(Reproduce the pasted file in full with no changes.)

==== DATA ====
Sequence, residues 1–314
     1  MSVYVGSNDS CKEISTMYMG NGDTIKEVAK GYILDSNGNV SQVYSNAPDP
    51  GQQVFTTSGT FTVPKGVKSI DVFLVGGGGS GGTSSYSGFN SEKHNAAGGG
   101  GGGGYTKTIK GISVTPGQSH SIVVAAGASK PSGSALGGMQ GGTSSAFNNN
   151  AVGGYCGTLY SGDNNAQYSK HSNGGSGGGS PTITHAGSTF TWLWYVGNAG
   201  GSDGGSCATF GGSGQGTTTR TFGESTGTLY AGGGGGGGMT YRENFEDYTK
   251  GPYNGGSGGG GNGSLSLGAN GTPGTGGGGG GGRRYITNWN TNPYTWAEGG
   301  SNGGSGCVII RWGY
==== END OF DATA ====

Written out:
Sequence, residues 1–314
     1  MSVYVGSNDS CKEISTMYMG NGDTIKEVAK GYILDSNGNV SQVYSNAPDP
    51  GQQVFTTSGT FTVPKGVKSI DVFLVGGGGS GGTSSYSGFN SEKHNAAGGG
   101  GGGGYTKTIK GISVTPGQSH SIVVAAGASK PSGSALGGMQ GGTSSAFNNN
   151  AVGGYCGTLY SGDNNAQYSK HSNGGSGGGS PTITHAGSTF TWLWYVGNAG
   201  GSDGGSCATF GGSGQGTTTR TFGESTGTLY AGGGGGGGMT YRENFEDYTK
   251  GPYNGGSGGG GNGSLSLGAN GTPGTGGGGG GGRRYITNWN TNPYTWAEGG
   301  SNGGSGCVII RWGY